When it comes to psychology and the functional nature of human beings, I find that the scriptures and in particular the ideas brought forth by Jesus to be very clear in describing us.
Imagine with me a wedding. You’re sitting in the audience all dressed up to witness the joining of two people together. You hear distinctly the vows that they made for each other and they seal it with a kiss. The event has ended and it’s off to the party room. The entire day was one for the books. There will be great memories.
The couple looks like they enjoy each other. They were so happy.
A couple months later, they are filing for divorce and are noticeably unhappy with each other. What happened??
I’m no psychologist but I want to point out a clear function of us humans. I understand this function from scriptures and I understand it from the work of cognitive behavioral therapists.
Let’s see what Jesus points out about our functional nature. In the Gospel of Mark chapter 7 verses 20-23, Jesus implies something, read it…
20 And he said, That which cometh out of the man, that defileth the man.
21 For from within, out of the heart of men, proceed evil thoughts, adulteries, fornications, murders,
22 Thefts, covetousness, wickedness, deceit, lasciviousness, an evil eye [greed], blasphemy, pride, foolishness:
23 All these evil things come from within, and defile the man.
Now, I’m not suggesting that anything in that list is the reason for why the marriage dissolved for my imaginary couple above but I do want to point out an implication for what our nature is like when functioning.
1). Notice that the labels in the scripture (ex. lust, thefts, greed etc.) aren’t on the physical behavior, they’re on the thought. That means that your behavior doesn’t define the act, it merely manifests it.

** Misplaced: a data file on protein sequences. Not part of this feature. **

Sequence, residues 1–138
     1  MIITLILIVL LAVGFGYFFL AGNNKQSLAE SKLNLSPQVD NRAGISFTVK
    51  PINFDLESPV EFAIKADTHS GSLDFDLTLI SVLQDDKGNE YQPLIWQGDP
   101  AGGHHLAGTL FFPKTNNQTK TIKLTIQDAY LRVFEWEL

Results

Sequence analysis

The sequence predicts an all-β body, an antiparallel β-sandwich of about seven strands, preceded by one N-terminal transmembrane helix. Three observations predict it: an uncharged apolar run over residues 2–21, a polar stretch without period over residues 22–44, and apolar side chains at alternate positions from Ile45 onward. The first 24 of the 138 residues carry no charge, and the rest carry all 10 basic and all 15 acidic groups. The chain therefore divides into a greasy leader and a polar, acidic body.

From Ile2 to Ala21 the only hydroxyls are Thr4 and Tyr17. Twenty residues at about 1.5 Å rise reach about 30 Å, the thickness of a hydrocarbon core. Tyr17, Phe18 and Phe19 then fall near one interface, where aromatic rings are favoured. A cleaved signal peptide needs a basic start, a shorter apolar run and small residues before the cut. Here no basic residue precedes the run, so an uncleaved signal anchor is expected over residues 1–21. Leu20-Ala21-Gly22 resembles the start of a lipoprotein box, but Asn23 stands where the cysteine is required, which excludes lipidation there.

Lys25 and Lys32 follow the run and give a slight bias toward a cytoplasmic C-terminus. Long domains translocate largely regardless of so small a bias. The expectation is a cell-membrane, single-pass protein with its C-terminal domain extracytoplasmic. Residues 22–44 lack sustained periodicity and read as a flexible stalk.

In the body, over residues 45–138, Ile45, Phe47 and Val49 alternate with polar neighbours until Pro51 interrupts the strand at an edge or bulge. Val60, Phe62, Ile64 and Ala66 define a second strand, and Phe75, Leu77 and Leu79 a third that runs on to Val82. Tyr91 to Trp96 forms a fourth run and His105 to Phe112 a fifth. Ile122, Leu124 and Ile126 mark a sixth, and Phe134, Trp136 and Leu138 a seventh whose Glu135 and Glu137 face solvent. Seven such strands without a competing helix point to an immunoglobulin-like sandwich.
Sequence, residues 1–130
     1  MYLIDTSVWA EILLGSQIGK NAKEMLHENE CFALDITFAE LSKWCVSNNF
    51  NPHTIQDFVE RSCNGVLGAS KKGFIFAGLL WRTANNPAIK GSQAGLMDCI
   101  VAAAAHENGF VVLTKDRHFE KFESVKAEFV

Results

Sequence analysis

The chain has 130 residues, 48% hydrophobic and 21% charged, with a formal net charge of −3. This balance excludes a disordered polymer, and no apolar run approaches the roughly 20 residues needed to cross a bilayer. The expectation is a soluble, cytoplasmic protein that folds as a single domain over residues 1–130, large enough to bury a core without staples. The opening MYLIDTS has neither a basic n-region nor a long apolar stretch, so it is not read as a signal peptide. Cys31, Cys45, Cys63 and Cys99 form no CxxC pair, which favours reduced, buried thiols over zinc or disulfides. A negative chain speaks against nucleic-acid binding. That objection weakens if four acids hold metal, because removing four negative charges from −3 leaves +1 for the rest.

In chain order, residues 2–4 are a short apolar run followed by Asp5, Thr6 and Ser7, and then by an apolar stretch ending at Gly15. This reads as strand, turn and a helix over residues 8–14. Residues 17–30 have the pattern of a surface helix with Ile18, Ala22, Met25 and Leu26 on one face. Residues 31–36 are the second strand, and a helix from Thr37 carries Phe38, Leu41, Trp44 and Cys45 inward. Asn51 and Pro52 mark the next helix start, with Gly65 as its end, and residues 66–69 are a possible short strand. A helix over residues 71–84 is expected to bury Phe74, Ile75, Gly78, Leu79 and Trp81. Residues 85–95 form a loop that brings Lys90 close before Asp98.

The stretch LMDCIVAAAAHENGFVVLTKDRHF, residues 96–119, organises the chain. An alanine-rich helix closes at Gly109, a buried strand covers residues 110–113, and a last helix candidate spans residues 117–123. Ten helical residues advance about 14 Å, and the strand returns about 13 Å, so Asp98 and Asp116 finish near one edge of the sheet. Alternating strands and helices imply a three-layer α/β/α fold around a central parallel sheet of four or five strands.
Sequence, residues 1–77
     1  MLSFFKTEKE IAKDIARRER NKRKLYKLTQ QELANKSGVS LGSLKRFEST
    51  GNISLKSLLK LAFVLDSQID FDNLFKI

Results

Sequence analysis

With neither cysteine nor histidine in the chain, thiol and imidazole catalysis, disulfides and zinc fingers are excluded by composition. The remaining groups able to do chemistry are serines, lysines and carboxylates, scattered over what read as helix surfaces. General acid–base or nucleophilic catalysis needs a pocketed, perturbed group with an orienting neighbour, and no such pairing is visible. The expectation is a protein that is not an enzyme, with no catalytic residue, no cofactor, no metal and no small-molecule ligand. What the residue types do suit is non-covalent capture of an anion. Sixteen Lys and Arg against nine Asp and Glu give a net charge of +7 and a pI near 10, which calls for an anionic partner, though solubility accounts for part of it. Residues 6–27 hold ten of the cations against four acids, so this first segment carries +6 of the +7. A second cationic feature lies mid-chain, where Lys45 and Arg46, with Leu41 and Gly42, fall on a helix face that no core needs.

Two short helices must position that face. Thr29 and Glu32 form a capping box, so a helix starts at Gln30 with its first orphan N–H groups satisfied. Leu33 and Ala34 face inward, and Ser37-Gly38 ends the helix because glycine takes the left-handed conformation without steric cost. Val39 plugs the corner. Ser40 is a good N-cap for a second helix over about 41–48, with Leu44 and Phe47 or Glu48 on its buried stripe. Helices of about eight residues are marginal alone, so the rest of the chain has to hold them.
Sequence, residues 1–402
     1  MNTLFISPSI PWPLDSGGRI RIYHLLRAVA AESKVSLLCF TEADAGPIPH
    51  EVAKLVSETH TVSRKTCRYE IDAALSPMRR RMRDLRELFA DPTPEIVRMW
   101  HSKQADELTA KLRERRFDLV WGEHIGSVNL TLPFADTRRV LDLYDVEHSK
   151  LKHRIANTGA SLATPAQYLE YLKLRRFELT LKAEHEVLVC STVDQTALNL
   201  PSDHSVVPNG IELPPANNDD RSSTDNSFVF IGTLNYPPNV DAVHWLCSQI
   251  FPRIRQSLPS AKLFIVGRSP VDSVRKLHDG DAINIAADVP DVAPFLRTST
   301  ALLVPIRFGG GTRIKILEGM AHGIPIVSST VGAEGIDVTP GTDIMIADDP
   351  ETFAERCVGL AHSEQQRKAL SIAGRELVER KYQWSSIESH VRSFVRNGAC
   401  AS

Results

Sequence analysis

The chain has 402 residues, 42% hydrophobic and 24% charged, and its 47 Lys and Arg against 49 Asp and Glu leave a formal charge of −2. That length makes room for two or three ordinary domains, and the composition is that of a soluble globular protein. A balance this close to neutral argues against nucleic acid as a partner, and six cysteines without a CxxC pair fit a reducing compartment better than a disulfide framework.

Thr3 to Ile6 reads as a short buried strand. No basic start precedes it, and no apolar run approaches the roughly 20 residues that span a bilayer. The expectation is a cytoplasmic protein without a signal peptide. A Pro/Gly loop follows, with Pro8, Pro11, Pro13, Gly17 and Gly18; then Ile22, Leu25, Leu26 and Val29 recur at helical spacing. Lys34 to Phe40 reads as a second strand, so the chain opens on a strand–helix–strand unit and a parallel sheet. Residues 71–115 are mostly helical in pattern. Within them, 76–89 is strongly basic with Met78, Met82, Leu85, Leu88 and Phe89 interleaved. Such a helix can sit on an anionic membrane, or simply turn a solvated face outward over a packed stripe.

It’s almost like your thoughts are a definite spiritual act then your body decides whether or not it wants to commit to it or not. Commitment is the bodily response and alignment to a spiritual act (i.e. thoughts).
So if that is the case, my question for the married couple would be…did you really commit to your vows? Or did you secretly (cause no person can see your inner thoughts) have some other spiritual act to commit to?
Our minds are always shooting out thoughts, but that doesn’t mean that we have to commit to all of them.
Here’s a question for student-athletes (or any person for that matter). What have you been committed to? What are you committed to now? And, when the new school year begins what do you think you will be committed to then?
Do you want to know how to find out? Get a daily planner and write down what you do daily and by the end of the week you’ll know what you’re committed to!
Commitment is in physical action not thought, but the thought itself is the strongest thing of all. The thought as the source action (a spiritual action), has power over what you can commit to. This is the reason you should fill your mind purposefully with positive encouragements, hopeful thoughts, justice thoughts, or optimistic outlooks towards your plan of action.
Because you can only commit to what’s in your mind, and if what’s in there is always beneficial to remaining dedicated, you have a better chance of being dedicated to what began as a thought you could be committed to.
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